Although the show has also become a de facto stop on the global auto-show circuit for automakers--and the largest venue for them to show off modified versions of their cars and trucks, the automakers are not engaging in idle brinkmanship at SEMA.
Beneath the fanfare of souped-up engines, body kits, seismic audio and Electric Kool Aid paint jobs is a drive among automakers to open their arms to the $40 billion parts and accessories industry and to create a relationship with consumers--through dealerships--that lasts longer than the initial sale and warranty service.
Peter MacGillivray, vice president/marketing and communications at the Diamond Bar, Calif.-based SEMA, says dealers will, in fact, be on hand in large numbers under the auspices of the National Automotive Dealers Association (NADA). Dealer interest bodes well for SEMA companies, for whom dealership aftermarket business is still a small source of revenue.
"The next frontier for our business will take place at our dealerships, where a huge amount of business will occur for our members. The fact that organizations like NADA are present bodes well for our dealers and industry."
He says the show will also attract international buyers from over 100 countries. "It's turning out to be the largest show we have ever produced: the most attendance we have ever had and most exhibitor support." SEMA is expecting more than 125,000 attendees, running 20% above last year's show.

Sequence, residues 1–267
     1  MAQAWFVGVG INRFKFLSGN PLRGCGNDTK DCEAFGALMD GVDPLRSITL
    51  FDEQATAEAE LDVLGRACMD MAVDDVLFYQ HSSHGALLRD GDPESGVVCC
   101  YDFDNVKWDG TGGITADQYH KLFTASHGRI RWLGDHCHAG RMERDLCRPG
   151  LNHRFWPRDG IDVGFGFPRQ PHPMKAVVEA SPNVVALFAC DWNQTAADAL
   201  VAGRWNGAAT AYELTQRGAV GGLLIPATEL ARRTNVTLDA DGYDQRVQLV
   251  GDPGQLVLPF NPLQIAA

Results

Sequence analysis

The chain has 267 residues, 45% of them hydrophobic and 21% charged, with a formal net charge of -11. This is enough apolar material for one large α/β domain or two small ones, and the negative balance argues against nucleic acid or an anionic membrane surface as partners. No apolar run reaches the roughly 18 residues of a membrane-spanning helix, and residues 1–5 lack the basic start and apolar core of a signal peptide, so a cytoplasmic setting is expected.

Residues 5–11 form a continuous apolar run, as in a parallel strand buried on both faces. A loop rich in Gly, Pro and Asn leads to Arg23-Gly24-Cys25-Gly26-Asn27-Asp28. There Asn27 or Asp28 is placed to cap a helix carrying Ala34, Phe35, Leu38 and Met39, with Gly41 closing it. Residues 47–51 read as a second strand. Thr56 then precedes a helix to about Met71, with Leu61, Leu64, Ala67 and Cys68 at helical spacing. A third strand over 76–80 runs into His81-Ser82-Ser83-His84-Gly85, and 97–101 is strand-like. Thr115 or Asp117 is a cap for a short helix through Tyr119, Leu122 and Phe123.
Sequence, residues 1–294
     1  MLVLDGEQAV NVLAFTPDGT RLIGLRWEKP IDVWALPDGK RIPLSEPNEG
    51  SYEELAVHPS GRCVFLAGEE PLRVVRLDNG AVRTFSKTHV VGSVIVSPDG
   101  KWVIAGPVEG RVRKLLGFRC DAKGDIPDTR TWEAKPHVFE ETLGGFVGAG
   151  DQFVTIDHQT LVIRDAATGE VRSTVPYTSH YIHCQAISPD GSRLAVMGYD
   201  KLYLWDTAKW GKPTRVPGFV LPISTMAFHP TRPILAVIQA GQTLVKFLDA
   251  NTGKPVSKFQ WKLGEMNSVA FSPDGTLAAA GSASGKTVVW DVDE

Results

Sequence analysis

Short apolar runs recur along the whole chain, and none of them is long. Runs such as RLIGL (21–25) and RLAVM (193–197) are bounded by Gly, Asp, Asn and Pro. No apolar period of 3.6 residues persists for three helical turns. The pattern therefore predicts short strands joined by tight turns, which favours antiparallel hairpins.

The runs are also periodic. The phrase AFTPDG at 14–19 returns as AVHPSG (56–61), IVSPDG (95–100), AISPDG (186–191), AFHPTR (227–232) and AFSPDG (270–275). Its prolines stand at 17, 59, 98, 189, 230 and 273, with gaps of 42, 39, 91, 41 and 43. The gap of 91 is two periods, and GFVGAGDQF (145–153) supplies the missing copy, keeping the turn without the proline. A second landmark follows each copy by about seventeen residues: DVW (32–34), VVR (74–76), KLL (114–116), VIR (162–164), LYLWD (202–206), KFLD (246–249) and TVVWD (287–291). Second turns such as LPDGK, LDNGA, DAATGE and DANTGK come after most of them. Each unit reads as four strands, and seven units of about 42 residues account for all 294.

Jim Sanfilippo--former industry analyst, now executive vice president at Team Detroit, Ford's agency group--says the show is a must for automakers. "It's automotive Mecca. It's really absolute car culture at its best. If anyone thought that there is stymied creativity in the car business, they should visit SEMA. It's a chance for automakers to see the best supplier inventions, and some of the most creative expressions of enthusiasts, and listen very closely to their customers."
Automakers also use SEMA to promote their in-house after-market-parts brands and performance sub-brands, à la Chrysler's Mopar and SRT, or Cadillac's V-Series cars. This year's show, where 14 automakers will show products from some 30 brands, will be the first in which Toyota serves as Official Vehicle Manufacturer.
"They have been a part of the show and collaborated extensively with our industry for years, but their being 'manufacturer of show' is a much larger level of involvement," Sanfilippo says.
Toyota will have several firsts at the show this year: it will for the first time be Official Vehicle Manufacturer; it will, and for the first time at SEMA, shine the spotlight on its Lexus division. The company this year began selling a new sub-brand within Lexus, called F, intended to compete with Cadillac's V-Series, BMW's M cars and Mercedes AMG brand of high-performance vehicles.
Toyota, which has also taken over sponsorship of the test-ride venue, the Motor Trend Proving grounds, per MacGillivray, will also stage a world premier of a new vehicle at the show.
MacGillivray says Chrysler's exhibit will have a "Mopar Alley" theme, in which the company showcases both parts and customized versions of its cars in a branded exhibition. Volkswagen is bringing its Dieselution road show to the event, as well.
Ford, which is on the verge of launching the 2008 version of its Focus compact car, will show off nine personalized versions of the car. Ford will also showcase Mustang, Fusion and the Lincoln MKZ.
As part of General Motors' presence, the company will have twenty-seven vehicles on display including two Saturns, 14 Chevrolets, two Cadillacs, four GMCs, two Hummer H3s, two Pontiac Solstices and one Buick Lucerne. There will also be two modified Saturn Sky roadsters.